Influencer marketing can prove to be beneficial and lucrative if it is done right. Any brand that is considering working with an influencer has a lot to consider before they launch their campaign, especially since a successful influencer marketing strategy isn’t guaranteed 100% of the time. Just like any other part of your marketing strategy, you will need to set reasonable expectations when partnering with an influencer or creator.
This month, we want to help you figure out how you can build an influencer strategy and what reasonable expectations may look like. With helpful input from industry experts Naomi Genota and Katie Stoller, we will give you the starting line to launch effective and realistic influencer strategy.
What is influencer marketing?
Influencer marketing uses the creation of branded content by, you guessed it, an influencer, to promote products, services, or help increase brand awareness. The goal varies depending on the campaign, but usually an influencer-brand partnership is focused on increased brand awareness or increased sales and conversions.
We do want to clarify that influencer marketing or creator marketing isn’t the same as UGC marketing. While both craft branded content to promote brands and their offerings, the difference is that a UGC creator doesn’t post that content to their own social media. Rather, they provide it to the brand as a product to be used.
In both of these cases, the creator and the brand enter into a partnership in which the creator is paid for the content they produce and/or the engagement it creates.
Make sure that, before you even reach out to an influencer, you understand what you expect the partnership to be.
The benefit of a good brand-influencer partnership
Influencer marketing, when approached the right way, can prove highly beneficial to both parties. That’s why many businesses are actually increasing their budget for it and why it is estimated to have a market size of $21.1 billion this year.
As highlighted in an article by Brandwatch, up to 51% of marketers say influencers help obtain more quality customers. What’s more, around 89% of companies attest to the fact that the return on investment for their influencer marketing is comparable to or better than other channels.
A well thought out influencer marketing strategy can provide your business with a good deal of increased exposure and better sales as a result.
We’ve seen prime examples of the success of influencer marketing in some of our own work. Take the Woodland Shrine campaign for example. This campaign was geared to help increase brand awareness and help with sales as the brand launched a new jewelry line in the United States. We reached out to and partnered with European artists who fit a similar niche that Woodland Shrine did. This brought over 350 new followers, more than 300,000 impressions, and up to three times more sales than in the previous month.
Key components of an impactful influencer marketing strategy
RM Creative Services offers influencer outreach as a part of our social media management services. For those trying to start the process on their own, we can help you start crafting crafting an influencer marketing strategy that gets your brand the attention it deserves?
This month, we have two industry experts offering added insights to help: Katie and Naomi.
Katie Stoller is an independent consultant to brands and influencers and is also the founder of Influencer Insider Guide. Naomi Genota is a content creator and influencer manager, working as the Influencer Talent Manager of Naohms Media and providing us with the perspective from both the brand and the influencer side of things.
With the help of these killer influencer marketing pros, we’re giving you the steps to build a strategy that rocks and tips to help you set expectations in a reasonable way.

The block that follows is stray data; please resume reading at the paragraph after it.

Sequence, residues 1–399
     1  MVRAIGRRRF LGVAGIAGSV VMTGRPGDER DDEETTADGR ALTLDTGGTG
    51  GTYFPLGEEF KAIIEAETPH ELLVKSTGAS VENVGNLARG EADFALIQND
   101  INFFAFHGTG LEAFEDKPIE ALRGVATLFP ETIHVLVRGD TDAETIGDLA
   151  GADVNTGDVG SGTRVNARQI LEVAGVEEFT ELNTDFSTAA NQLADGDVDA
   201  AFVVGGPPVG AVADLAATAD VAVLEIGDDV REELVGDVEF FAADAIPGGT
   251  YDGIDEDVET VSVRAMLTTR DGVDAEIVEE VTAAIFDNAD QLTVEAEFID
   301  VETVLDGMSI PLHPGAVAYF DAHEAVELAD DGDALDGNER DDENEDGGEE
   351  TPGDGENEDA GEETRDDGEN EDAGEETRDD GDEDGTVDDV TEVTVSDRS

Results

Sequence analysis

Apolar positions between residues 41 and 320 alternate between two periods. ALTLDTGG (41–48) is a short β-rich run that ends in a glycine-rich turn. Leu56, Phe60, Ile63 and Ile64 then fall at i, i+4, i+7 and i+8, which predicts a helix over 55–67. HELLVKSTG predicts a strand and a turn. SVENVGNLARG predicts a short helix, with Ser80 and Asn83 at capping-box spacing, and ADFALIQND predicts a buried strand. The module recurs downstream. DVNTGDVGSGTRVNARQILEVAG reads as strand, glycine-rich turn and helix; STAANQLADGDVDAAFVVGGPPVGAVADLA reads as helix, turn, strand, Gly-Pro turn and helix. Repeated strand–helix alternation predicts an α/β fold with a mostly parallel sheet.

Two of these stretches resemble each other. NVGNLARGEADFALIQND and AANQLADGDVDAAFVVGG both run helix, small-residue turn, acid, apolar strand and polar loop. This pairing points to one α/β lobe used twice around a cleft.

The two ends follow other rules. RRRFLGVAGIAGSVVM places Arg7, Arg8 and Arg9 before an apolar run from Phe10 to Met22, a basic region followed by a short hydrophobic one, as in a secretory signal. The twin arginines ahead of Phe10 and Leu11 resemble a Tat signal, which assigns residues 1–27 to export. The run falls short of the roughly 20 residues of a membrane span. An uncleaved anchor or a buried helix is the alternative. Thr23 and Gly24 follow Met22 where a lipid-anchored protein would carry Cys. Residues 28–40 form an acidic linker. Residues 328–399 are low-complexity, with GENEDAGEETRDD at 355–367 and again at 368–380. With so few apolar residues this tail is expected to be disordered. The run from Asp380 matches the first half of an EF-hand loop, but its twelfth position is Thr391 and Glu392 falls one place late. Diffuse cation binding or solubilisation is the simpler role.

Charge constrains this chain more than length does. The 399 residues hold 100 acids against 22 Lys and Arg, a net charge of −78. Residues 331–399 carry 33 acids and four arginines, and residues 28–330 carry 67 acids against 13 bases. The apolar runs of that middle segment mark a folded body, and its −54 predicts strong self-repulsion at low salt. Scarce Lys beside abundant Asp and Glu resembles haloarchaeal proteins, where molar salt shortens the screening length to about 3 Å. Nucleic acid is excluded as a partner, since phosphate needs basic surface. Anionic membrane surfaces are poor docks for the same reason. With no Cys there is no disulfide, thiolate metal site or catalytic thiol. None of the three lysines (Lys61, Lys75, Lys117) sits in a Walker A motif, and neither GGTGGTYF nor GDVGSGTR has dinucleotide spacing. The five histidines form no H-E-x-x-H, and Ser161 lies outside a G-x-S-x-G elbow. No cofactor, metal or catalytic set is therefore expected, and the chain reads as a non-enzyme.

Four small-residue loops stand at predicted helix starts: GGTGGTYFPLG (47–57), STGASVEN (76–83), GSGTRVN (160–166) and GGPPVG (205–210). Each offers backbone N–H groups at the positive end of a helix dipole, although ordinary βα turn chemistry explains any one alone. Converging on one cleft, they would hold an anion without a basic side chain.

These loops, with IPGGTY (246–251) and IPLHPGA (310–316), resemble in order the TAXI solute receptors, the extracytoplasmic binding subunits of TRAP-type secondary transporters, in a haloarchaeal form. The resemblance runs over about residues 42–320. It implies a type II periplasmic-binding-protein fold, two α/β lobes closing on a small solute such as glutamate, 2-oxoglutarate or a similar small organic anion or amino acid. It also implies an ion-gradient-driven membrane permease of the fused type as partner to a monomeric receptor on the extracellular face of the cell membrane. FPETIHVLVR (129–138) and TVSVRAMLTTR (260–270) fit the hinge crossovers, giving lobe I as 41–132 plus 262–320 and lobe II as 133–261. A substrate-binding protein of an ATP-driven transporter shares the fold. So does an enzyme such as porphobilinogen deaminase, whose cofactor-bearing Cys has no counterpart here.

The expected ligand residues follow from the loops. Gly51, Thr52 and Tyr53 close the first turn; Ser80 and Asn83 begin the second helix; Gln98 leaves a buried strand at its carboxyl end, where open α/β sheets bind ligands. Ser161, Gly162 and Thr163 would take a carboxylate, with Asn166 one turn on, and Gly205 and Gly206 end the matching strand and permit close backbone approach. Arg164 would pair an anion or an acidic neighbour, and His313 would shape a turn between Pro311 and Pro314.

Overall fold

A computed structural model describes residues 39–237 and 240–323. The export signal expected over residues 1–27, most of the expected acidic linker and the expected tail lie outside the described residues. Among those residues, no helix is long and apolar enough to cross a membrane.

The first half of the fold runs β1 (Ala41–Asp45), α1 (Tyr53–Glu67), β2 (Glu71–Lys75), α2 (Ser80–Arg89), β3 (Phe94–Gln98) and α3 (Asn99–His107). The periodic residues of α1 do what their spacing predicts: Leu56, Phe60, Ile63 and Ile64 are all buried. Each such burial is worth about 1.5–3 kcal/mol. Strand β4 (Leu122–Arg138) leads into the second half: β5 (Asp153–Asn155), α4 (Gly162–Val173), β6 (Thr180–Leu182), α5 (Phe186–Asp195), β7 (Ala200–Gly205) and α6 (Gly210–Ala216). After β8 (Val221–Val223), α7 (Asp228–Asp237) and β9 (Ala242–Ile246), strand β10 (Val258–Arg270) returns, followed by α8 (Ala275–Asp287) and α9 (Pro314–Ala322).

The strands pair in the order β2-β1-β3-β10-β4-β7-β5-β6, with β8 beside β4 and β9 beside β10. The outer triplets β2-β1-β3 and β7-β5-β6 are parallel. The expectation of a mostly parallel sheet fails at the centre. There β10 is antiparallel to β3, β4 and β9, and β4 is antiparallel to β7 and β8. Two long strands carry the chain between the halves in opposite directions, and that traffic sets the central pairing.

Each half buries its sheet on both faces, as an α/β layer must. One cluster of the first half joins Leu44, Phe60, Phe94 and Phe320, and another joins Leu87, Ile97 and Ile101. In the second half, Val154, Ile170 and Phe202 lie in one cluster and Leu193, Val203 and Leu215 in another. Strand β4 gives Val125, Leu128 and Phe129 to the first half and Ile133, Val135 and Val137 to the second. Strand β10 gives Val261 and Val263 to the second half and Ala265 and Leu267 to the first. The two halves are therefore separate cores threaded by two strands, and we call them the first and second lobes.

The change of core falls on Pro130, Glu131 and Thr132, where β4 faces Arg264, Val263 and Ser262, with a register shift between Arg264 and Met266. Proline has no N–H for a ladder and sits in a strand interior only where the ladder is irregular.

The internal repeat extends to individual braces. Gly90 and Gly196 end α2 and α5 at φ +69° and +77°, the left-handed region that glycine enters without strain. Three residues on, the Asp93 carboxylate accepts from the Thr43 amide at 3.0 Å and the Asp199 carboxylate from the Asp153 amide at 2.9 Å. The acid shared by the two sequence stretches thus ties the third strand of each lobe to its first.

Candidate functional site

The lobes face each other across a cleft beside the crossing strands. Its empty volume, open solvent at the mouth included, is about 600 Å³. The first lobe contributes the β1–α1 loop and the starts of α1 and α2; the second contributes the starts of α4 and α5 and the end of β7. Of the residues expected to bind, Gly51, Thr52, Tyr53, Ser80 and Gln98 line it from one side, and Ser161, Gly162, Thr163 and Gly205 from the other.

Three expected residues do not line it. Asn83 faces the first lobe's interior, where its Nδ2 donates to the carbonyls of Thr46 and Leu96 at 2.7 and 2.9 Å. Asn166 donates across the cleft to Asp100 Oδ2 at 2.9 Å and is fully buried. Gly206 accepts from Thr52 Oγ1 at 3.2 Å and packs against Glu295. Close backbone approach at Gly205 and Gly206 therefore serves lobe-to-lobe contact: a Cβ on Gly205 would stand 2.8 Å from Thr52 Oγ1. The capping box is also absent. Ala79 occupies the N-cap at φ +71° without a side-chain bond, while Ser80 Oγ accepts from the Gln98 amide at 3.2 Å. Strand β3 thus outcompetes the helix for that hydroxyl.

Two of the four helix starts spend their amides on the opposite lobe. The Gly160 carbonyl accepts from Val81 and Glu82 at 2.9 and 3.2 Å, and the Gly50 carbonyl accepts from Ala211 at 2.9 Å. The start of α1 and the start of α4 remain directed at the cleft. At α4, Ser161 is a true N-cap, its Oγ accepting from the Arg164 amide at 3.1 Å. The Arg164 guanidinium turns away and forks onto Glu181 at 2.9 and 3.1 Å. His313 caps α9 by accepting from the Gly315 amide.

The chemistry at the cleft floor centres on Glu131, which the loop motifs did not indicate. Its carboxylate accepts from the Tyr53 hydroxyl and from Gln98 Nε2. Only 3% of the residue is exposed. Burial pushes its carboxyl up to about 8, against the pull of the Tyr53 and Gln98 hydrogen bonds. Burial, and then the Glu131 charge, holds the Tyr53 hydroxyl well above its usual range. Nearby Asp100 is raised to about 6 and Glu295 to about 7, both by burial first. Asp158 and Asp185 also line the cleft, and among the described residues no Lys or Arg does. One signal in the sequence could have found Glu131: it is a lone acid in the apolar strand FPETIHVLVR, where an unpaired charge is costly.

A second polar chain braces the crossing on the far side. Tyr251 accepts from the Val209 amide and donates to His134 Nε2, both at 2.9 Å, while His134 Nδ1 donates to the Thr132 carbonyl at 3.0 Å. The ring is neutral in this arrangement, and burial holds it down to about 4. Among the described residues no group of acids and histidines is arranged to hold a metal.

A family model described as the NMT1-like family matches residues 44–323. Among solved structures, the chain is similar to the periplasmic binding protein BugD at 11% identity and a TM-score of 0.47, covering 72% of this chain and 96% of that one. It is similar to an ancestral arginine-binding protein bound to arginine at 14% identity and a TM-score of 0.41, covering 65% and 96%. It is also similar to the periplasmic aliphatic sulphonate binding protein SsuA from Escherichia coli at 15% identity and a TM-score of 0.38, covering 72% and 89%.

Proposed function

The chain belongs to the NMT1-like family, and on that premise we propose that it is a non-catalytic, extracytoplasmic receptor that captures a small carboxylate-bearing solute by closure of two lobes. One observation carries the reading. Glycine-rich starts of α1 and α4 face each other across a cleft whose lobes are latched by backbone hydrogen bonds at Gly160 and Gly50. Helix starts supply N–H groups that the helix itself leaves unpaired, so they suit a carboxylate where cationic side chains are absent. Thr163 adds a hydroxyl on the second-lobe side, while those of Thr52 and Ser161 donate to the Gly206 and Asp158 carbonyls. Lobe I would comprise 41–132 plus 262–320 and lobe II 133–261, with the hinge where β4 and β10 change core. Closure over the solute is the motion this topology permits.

Choose a campaign and set goals
First things first, you’ll need to figure out what you are looking to achieve. Do you want to improve your brand awareness and let people know more about what your business represents? Or are you trying to promote a new line of products that you are releasing? Figuring out what you want to accomplish and what the focus of the campaign is before you reach out to anyone is going to help you figure out what your goals are.
Identify your target audience(s) and the influencers they look to
Understanding who you want to market to is important for every part of your influencer strategy. This can be as broad as your brand’s full audience or it can be geared toward targeting one or two of your personas.
Focusing on your target audience early helps with successful marketing and identifying which influencers your audience already follows. This provides an ideal place to start figuring out who you may want to reach out to.
Katie advises looking to who your audience seeks information from to start. “These are going to be the influencers you will want to build relationships with,” she tells us. “It can start with a friendly email, it doesn’t have to be anything fancy. This whole industry is based around building relationships.”
Along with this, Katie also suggests that reaching out to influencers who are already fans of what you do is another effective way to start off.
“The dream brand deal is when the influencer has been a genuine fan of the brand for a long time and the brand has a general vision for the content,” Katie outlines. “When an influencer truly loves a product or service and shares their personal connection to that brand, we tend to see better performance, overall. There is nothing worse than an influencer posting about a brand they don’t love or have an air of indifference for–it is obvious and off putting.”
Figure out your budget and remember to be flexible
It is best to be realistic when setting a budget and sticking to it. You don’t want to throw an abundance of money at an influencer and expect it to turn into a huge success. However, you also don’t want to undercut the influencer because, as Katie puts it, “it is not going to garner the best content since the influencer will feel cheated.” That’s why it is important to figure out your budget and also discuss how flexible you can be with said budget before entering a conversation with your ideal influencer.